Assuming the recount board averages four ballots a minute, it would take it 250 hours, or more than 20 12-hour days, to hand count all 60,000-some absentees.

Of concern was the ability to check machine tabulations of ballots with stray marks, such as those with "hesitation marks" or where a voter had crossed out a mark for one candidate and selected another that was counted as an overvote, but where the voter's intent was clear. An overvote occurs when a voter casts a vote for more than the allowable number of candidates. An undervote occurs when a voter makes no selection in a particular race, or chooses fewer than the allowable number of candidates in a contest.

More than 200 identified overvotes and 18,000 undervotes in the district had yet to be examined for voter intent, according to Hart's campaign. More than 7,000 of those undervotes are in Scott and Johnson counties alone.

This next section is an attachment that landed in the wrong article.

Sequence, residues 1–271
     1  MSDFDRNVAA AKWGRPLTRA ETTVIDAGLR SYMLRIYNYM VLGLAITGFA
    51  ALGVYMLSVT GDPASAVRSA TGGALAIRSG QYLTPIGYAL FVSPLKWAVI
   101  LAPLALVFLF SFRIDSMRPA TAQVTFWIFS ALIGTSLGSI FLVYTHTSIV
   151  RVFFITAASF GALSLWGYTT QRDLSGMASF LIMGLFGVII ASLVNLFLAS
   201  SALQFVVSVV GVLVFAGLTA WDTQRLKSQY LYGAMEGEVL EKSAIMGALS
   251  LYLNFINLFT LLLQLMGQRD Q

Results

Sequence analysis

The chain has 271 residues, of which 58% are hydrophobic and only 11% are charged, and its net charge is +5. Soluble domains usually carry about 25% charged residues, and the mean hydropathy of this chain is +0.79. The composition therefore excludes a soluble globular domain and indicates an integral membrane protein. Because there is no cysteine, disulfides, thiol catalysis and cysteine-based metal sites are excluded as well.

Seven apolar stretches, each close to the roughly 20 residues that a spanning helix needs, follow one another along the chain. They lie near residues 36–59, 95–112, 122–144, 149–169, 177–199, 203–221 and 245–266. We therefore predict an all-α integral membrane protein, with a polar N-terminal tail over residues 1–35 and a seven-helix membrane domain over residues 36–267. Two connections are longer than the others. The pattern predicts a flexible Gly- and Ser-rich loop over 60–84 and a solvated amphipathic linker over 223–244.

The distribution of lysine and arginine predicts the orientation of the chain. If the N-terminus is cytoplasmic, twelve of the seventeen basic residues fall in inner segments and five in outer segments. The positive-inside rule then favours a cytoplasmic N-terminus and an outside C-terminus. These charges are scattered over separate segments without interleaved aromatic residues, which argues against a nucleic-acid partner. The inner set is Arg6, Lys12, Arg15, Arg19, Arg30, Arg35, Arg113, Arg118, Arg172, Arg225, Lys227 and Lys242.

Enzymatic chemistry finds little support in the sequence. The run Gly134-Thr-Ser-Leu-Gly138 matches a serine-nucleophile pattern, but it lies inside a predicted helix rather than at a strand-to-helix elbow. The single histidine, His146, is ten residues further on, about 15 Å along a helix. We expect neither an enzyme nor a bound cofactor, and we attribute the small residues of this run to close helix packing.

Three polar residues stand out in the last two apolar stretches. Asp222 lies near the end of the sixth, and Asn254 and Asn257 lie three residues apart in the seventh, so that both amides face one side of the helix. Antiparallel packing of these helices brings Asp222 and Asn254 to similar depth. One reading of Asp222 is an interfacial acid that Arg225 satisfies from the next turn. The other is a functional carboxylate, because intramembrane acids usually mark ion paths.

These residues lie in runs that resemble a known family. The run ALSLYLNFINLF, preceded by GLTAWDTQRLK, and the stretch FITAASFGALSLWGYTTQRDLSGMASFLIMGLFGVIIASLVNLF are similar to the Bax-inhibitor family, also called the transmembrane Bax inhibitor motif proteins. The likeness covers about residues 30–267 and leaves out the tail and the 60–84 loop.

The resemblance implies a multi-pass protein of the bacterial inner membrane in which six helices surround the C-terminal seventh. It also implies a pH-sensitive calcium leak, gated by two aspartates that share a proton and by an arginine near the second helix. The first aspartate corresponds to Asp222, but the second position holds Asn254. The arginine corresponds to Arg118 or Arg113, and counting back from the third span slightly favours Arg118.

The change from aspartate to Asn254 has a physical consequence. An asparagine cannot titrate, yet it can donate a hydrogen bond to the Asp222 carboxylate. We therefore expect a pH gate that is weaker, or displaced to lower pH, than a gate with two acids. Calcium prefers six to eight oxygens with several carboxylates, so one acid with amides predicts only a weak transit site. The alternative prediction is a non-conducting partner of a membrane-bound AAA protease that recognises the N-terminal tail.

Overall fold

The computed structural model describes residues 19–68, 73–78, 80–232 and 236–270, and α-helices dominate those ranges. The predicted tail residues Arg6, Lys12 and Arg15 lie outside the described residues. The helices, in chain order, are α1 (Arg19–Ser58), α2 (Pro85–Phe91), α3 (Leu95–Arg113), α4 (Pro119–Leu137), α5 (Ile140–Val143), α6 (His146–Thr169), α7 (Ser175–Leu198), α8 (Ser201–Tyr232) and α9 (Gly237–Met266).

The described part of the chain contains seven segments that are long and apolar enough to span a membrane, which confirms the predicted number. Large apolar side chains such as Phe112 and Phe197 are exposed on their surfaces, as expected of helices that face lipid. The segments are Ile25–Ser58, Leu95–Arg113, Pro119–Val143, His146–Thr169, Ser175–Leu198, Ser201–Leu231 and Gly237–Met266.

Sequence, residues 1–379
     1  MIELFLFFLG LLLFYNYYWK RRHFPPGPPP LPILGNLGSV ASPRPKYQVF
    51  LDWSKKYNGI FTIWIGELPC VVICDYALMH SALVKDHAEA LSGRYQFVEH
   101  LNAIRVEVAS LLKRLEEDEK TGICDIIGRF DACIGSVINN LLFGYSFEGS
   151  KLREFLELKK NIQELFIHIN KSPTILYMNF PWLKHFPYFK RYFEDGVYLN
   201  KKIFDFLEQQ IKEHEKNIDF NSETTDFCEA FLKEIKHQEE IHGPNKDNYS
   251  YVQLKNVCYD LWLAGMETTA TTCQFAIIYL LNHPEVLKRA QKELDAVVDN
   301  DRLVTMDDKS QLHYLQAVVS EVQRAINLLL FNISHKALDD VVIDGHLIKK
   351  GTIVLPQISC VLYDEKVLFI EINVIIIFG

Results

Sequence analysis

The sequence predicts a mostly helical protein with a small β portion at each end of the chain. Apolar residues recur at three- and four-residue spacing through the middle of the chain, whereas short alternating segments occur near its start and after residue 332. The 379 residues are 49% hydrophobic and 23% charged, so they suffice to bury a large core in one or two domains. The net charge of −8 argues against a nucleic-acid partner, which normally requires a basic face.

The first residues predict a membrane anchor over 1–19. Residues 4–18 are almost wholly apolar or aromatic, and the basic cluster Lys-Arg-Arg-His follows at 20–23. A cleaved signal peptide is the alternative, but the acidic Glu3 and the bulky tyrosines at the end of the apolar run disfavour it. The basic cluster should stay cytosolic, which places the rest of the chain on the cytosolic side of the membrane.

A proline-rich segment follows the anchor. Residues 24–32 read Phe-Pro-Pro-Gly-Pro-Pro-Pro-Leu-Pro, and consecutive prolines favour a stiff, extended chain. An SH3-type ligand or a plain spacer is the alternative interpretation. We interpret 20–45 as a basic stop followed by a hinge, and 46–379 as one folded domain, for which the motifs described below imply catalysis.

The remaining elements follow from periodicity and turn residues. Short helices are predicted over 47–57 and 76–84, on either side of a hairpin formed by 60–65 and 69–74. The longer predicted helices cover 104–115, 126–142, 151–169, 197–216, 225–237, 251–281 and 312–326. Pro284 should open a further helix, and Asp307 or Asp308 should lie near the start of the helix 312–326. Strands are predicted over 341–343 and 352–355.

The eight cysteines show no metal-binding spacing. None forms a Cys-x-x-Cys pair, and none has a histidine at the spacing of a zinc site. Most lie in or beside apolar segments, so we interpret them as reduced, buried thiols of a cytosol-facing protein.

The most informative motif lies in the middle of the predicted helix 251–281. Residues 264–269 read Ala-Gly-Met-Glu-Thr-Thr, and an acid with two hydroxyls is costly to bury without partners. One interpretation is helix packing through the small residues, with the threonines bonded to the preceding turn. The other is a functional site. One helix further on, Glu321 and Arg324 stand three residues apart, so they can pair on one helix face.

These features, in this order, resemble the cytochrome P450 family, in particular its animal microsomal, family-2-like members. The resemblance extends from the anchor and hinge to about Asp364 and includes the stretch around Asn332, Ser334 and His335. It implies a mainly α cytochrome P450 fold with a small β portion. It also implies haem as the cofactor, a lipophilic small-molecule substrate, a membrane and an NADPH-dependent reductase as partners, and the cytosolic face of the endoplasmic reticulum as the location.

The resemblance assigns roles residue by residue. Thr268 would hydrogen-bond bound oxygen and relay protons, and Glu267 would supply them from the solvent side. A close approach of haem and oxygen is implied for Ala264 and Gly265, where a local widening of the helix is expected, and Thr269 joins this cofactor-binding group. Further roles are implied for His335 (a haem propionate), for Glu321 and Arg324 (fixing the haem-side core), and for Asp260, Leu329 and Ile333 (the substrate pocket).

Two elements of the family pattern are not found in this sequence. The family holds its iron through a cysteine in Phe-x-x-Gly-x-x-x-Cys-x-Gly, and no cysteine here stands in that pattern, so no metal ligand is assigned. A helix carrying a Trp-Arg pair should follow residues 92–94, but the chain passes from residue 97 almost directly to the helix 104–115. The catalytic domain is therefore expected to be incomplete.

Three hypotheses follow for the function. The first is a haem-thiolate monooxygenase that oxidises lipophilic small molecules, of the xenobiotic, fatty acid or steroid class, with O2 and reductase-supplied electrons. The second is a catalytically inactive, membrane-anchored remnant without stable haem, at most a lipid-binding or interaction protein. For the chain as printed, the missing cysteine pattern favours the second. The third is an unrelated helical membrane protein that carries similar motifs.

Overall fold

"This is significant because of the unusually large number of absentee ballots in this election (which the counties generally treat as a single precinct), and because of the likelihood that these ballots contain valid votes for the candidates which a machine recount will not detect," according to Hart's campaign. "There are enough ballots at stake here to decide the outcome of the election."

On Thursday, responding to a letter from Hart's campaign seeking to clarify guidance, the Iowa Secretary of State's Office said it was up to the discretion of county recount boards, based on guidance from the county auditor.

Contrary to assertions made by the Hart campaign, "undervotes and overvotes are not 'disregarded,' but rather counted in accordance with state and federal optical scan tabulation standards," wrote Molly Widen, legal counsel for the Iowa Secretary of State's Office.

A machine recount will provide a tally report that includes the number of overvotes or undervotes in a precinct. The recount board then can decide whether to review that precinct's ballots by hand to determine whether the overvoted or undervoted ballots show clear voter intent for a candidate in the race, Widen wrote.